She told him that she used to be a physics teacher. That got his attention.
    They exchanged emails and right before winter break, he emailed her saying one of the physics teachers was moving. Would she be interested in the job?
    “I had always thought that when my children went to school, I would start subbing and see how it goes. But this came up, and I said, ‘Wow! It seems too good to be true. I feel really lucky,” Renner said.
    Renner earned her bachelor’s degree in physics, with a minor in math, at the University of Cincinnati. She went on to Boston University where she started work on her Ph.D.  
    While at Boston University, she was required to teach the freshmen physics course. While other grad students seemed to think it was a drag to teach the freshmen, Renner said she loved it.
    “It was fun, and I realized that I looked forward to my teaching more than my own classes and the research that I was doing,” she said.
    That was the moment she said she realized that she loved teaching.

  • Teacher sick leave bill vetoed

    Gov. Susana Martinez on Thursday vetoed a bill intended to stop penalizing public school teachers on their evaluations if they take more than three days of sick leave, making good on her promise to keep intact a teacher rating system that has been heavily criticized by educators since it was put in place in 2012.
    The veto drew immediate rebukes from teachers unions and, in a rare move, prompted one of the bill’s sponsors, Sen. Craig Brandt, R-Rio Rancho, to say he will attempt to muster enough votes to override it.
    It would be the first attempt to override a Martinez veto in the six years she’s been governor. Momentum for an override could be stalled in the House, however, where enthusiasm for overturning the governor’s decision appeared less urgent Thursday. To override the veto, the Senate and the House would need a two-thirds majority vote.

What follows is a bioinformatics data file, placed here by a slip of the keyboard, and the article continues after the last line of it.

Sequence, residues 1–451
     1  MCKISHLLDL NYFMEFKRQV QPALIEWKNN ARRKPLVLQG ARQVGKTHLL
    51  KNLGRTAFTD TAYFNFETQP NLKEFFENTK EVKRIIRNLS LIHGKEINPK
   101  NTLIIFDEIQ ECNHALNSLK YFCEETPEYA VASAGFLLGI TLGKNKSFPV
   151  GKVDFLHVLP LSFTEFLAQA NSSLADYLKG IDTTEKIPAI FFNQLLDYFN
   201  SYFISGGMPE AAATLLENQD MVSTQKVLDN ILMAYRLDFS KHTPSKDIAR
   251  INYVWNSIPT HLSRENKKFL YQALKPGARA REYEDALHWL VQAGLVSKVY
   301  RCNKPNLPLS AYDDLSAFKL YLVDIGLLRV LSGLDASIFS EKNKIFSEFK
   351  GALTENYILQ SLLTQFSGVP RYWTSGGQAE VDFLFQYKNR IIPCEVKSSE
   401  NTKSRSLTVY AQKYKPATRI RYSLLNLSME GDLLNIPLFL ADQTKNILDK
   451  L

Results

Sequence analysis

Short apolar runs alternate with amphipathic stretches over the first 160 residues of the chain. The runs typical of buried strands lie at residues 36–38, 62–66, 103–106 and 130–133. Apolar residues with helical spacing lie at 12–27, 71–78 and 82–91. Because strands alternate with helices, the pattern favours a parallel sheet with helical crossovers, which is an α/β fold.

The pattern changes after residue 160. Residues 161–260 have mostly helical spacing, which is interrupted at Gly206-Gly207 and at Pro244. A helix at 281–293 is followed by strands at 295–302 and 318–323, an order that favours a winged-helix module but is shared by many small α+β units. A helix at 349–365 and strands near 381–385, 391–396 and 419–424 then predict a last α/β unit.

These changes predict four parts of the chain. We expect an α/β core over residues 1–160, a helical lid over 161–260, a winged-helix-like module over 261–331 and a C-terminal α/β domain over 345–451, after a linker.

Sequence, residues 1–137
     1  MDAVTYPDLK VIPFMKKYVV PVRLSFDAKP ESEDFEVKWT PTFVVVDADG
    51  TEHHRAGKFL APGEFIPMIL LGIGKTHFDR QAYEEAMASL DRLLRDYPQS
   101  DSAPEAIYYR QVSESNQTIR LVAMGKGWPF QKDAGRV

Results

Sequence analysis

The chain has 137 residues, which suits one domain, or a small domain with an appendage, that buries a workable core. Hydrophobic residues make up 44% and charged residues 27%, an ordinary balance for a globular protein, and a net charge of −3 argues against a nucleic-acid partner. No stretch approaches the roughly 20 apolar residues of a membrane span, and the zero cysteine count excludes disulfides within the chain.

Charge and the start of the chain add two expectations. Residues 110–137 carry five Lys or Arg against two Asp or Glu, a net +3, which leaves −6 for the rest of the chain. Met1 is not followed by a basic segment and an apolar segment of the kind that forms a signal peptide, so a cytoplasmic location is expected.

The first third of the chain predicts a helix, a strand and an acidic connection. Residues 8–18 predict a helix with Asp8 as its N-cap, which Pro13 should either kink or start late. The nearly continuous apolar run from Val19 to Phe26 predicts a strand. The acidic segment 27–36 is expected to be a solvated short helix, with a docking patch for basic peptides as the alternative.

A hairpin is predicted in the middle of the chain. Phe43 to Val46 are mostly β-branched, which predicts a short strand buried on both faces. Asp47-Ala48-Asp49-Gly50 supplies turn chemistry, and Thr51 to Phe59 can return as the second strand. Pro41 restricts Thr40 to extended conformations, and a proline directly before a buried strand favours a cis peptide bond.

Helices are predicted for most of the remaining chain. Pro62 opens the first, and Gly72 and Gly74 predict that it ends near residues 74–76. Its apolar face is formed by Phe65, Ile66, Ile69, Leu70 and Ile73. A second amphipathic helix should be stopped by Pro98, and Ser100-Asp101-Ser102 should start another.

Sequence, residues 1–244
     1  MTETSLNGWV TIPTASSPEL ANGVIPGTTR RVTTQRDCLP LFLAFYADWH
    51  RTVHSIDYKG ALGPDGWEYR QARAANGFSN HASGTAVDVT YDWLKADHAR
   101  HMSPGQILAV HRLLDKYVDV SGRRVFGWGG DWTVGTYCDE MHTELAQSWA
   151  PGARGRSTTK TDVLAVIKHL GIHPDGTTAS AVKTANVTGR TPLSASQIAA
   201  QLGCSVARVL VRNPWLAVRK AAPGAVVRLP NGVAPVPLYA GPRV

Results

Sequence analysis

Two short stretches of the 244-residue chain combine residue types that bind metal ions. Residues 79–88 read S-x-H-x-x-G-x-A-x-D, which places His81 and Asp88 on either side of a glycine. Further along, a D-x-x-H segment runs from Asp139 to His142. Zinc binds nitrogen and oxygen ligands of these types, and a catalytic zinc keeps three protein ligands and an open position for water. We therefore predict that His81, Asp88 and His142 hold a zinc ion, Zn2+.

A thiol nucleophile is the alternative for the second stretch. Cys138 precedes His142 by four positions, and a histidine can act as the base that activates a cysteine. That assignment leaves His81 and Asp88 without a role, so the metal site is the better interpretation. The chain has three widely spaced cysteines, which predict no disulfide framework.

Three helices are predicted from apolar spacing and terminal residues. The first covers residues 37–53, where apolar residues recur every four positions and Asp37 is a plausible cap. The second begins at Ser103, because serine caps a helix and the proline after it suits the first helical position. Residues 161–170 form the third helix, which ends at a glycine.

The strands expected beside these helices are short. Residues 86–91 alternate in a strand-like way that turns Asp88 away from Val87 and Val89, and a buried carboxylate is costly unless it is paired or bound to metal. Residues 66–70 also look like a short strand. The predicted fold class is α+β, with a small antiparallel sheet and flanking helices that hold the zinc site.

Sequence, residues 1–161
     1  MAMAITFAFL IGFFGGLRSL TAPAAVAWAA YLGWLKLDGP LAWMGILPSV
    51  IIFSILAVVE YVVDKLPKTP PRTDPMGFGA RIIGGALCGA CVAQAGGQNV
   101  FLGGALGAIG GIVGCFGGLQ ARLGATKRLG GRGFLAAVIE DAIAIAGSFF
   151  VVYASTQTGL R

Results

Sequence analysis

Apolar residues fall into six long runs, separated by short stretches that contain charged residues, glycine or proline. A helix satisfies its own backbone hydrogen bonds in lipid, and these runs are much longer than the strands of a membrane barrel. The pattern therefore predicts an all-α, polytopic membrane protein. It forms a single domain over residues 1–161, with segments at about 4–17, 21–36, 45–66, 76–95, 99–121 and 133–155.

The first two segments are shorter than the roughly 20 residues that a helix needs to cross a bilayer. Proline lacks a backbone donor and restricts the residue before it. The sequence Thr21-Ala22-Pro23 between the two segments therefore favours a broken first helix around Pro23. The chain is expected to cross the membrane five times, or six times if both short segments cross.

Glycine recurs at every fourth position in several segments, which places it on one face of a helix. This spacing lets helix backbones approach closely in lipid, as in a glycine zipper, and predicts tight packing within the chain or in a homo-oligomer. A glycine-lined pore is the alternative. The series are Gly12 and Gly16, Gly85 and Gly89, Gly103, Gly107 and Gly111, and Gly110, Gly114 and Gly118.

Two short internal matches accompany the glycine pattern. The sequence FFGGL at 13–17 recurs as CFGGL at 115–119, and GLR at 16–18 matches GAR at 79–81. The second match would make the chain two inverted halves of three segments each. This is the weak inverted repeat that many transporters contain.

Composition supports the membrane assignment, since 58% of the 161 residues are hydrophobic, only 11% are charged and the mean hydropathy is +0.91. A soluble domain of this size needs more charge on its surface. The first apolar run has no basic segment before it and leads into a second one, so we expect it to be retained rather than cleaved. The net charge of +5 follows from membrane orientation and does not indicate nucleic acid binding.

The legislation, dubbed the “Teachers Are Human Too” bill by its sponsors, had cleared the Legislature with near unanimous support. The bill would have allowed teachers to take up to 10 days of sick leave without hurting their performance evaluations. The Senate passed the bill with no dissenting votes. The House passed it 64-3. The main sponsor of the bill was Rep. Jason Harper, a Republican from Rio Rancho. Co-sponsors included two Democrats and two Republicans.

  • The Latest: Broncos sign Cowboys player - not Romo

    The Latest on NFL free agency (all times Eastern):
    5:05 p.m.
    The Denver Broncos have signed a former Dallas Cowboys player in free agency. It wasn't Tony Romo as so many fans were anticipating, but guard Ronald Leary.
    Although the Broncos have been mentioned as a prime landing spot should the Cowboys part ways with Romo, Denver GM John Elway is happy with the two young QBs he has in Trevor Siemian and Paxton Lynch.
    What he's trying to do is fortify his offensive line, the primary culprit in Denver's slide from Super Bowl champ to missing the playoffs last season.
    Leary will fly to Denver on Friday to sign his four-year, $35 million deal that includes $20 million guaranteed. He's expected to slide in at left guard with Max Garcia moving over to battle it out with Michael Schofield on the right side.
    With the emergence of La'el Collins and several big contracts along one of the top lines in the NFL, the Cowboys couldn't afford to keep Leary, who turns 28 next month.
    — Arnie Stapleton reporting from Denver.

    5:01 p.m. ET
    The Green Bay Packers have re-signed linebacker Nick Perry, bringing back an important piece to their defense.
    Perry had a breakout season in 2016, with a career-high 11 sacks in 14 games.

  • Today in history March 9